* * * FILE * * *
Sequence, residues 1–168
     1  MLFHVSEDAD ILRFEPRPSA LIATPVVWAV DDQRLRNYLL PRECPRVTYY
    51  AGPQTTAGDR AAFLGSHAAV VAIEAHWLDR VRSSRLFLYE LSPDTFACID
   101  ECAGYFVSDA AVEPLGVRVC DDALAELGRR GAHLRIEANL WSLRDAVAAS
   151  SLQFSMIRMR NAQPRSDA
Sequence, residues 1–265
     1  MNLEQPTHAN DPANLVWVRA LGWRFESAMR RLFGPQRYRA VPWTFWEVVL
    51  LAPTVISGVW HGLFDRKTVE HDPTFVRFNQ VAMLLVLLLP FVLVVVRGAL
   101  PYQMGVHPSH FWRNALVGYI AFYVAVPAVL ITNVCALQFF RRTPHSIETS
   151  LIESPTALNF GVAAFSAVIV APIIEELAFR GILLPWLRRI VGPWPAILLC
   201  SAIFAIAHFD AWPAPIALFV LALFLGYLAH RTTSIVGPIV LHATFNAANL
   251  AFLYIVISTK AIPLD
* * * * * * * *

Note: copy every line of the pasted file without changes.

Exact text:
Sequence, residues 1–168
     1  MLFHVSEDAD ILRFEPRPSA LIATPVVWAV DDQRLRNYLL PRECPRVTYY
    51  AGPQTTAGDR AAFLGSHAAV VAIEAHWLDR VRSSRLFLYE LSPDTFACID
   101  ECAGYFVSDA AVEPLGVRVC DDALAELGRR GAHLRIEANL WSLRDAVAAS
   151  SLQFSMIRMR NAQPRSDA
Sequence, residues 1–265
     1  MNLEQPTHAN DPANLVWVRA LGWRFESAMR RLFGPQRYRA VPWTFWEVVL
    51  LAPTVISGVW HGLFDRKTVE HDPTFVRFNQ VAMLLVLLLP FVLVVVRGAL
   101  PYQMGVHPSH FWRNALVGYI AFYVAVPAVL ITNVCALQFF RRTPHSIETS
   151  LIESPTALNF GVAAFSAVIV APIIEELAFR GILLPWLRRI VGPWPAILLC
   201  SAIFAIAHFD AWPAPIALFV LALFLGYLAH RTTSIVGPIV LHATFNAANL
   251  AFLYIVISTK AIPLD